Adapted and directed by Eamon Flack, from the book by Mikhail Bulgakov. Belvoir St Theatre. Nov 11 to Dec 10, 2023
Reviewed : 15 November, 2023*
Twould be wonderful if Mikhail Bulgakov could be spirited into the Belvoir St Theatre to the see what Eamon Flack, his cast, and a host of creatives have made of his book The Master and Margarita. He’d see all his characters – the Devil, his assistant, a naked witch, a huge black, talking cat with a liking for vodka, an assassin, a poet, a writer, Christ and Pontius Pilate – corralled together in a riotous romp that’s mad and magical – and as mischievous as Bulgakov meant it to be!
Written in secret during the mid 1900s, the book was Bulgakov’s reaction to Stalinist Russia, and was not published until twenty-six years after his death. Eamon Flack introduced the book to some actors at Belvoir during the 2020 lockdown – and they saw the possibilities of putting Bulgakov’s imaginative genius on to the stage. Afterall, Bulgakov was foremost a playwright, though his work was banned by Stalin for some time.
The result is a piece of theatre that is brave, chaotic, funny, mesmerising … and uplifting! There is so much happening! Entrances, exits. Surprising entrances, even more surprising exits! Lighting effects, costume effects, sound effects, special effects! A reflective marbled revolve that fills the stage. A falling garden. A giant neon letter W.
Even Bulgakov could not have imagined this wild, wicked interpretation of the book that he wrote, burned because of its contentious content, rewrote from memory, and was secreted way from the world until 1966. Many have considered productions of The Master and Margarita, but it took a pandemic, some imaginative actors and an open-minded theatre company to say, “we can do this!”. And they have!
Ten actors and a musician (Gary Daley) tell the tall tale, moving from Russia to ancient Jerusalem; from a park in Moscow to the hill of Calvary. They move fast at times, stand stock still at others. They question, accuse, strike out, shout, whisper and scoot around the revolve as if it were a skate park, as they tell the story of Satan raising havoc in a city that doesn’t believe in God or the Devil; and Margarita, who would go to hell for her lover, The Master, who is writing a story about Christ and Pontius Pilate.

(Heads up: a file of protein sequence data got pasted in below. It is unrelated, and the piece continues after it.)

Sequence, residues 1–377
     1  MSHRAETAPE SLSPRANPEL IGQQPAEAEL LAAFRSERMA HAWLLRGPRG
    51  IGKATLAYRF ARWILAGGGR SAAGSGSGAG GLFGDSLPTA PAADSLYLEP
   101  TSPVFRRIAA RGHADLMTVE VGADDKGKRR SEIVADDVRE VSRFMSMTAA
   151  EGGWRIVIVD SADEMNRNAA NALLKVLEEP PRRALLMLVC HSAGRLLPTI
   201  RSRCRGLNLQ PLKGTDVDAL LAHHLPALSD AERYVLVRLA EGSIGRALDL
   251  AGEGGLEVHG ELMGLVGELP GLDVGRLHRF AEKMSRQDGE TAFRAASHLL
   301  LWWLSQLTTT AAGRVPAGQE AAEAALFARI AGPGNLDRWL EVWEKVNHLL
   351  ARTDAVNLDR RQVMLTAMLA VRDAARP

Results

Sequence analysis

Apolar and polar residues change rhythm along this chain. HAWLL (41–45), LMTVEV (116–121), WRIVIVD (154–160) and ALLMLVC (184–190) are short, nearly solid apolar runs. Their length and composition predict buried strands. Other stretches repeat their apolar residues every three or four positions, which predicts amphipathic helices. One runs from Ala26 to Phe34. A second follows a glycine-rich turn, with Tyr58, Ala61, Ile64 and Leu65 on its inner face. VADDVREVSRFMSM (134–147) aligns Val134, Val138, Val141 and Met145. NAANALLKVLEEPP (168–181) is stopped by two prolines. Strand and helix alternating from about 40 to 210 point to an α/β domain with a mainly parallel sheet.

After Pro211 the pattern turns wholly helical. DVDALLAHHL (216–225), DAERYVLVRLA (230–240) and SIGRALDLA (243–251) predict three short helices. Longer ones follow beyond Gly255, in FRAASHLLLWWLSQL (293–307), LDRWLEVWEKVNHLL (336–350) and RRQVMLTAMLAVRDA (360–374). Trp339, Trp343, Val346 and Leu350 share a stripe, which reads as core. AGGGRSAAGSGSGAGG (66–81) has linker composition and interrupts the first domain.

As Bulgakov’s book was their inspiration, so it becomes their primary prop, held devotedly by Matilda Ridgway, their resolute Narrator. Ridgway uses the power of pause both to manage the action and to underline her comic timing. She is a constant in the production, controlling, directing chastising, comforting.
Paula Arundell is Wolan, the Devil, sweeping into the action, her powerful voice commanding attention and obedience, her eyes shining, her body tense and ware. Beside her is Josh Price as Behemoth, the big, black talking cat who acts before he thinks; and Gareth Davies as Azzazelo, the assassin, who hits, kicks, trips on the revolve, stumbles over words – and does it all with perfect comic timing and a ridiculous grin!
Amber McMahon is Korovyev, Wolan’s assistant/translator, a jester-type character. Sporting stripes and a curly moustache, McMahon weaves lithely in and around the action, strong and watchful and a bit wicked.
Marco Chiappi is a Pontius Pilate, contemplating the fate of Yeshua of Nazareth. Tom Conroy is a “not very good” poet who ends up in a psychiatric asylum along with The Master (Mark Leonard Winter) who bemoans his inability to write and the loss of his lover Margarita, who only went away for a day and came back to find him gone! Anna Samson is Margarita, a loyal lover, true and faithful, prepared to bare all and in the search for her Master.
Jana Zvedeniuk plays Yelena, Bulgakov’s second wife, who has guarded his book in secret and lies on the stage reading the final words of the book as the production closes around her.
And those are just the characters they play. They also play people in the park and party goers. They move props, pick up flowers, run around the revolve and dance wild and naked! They work joyfully together bringing this complicated, eccentric story to life.
Bulgakov wrote The Master and Margarita in Soviet Moscow over 70 years ago. It was held safe by his wife Yelena until times were much brighter. Once published, it became a best seller, its ‘way out’ characters denouncing the oppressed society of a harsh dictator. Belvoir brings it to the stage in a production that is theatrical, dramatic, flamboyant – all the things that theatre can be but isn’t very often!
To that end: be forewarned that the production includes full nudity, references to suicide, strong language and adult themes.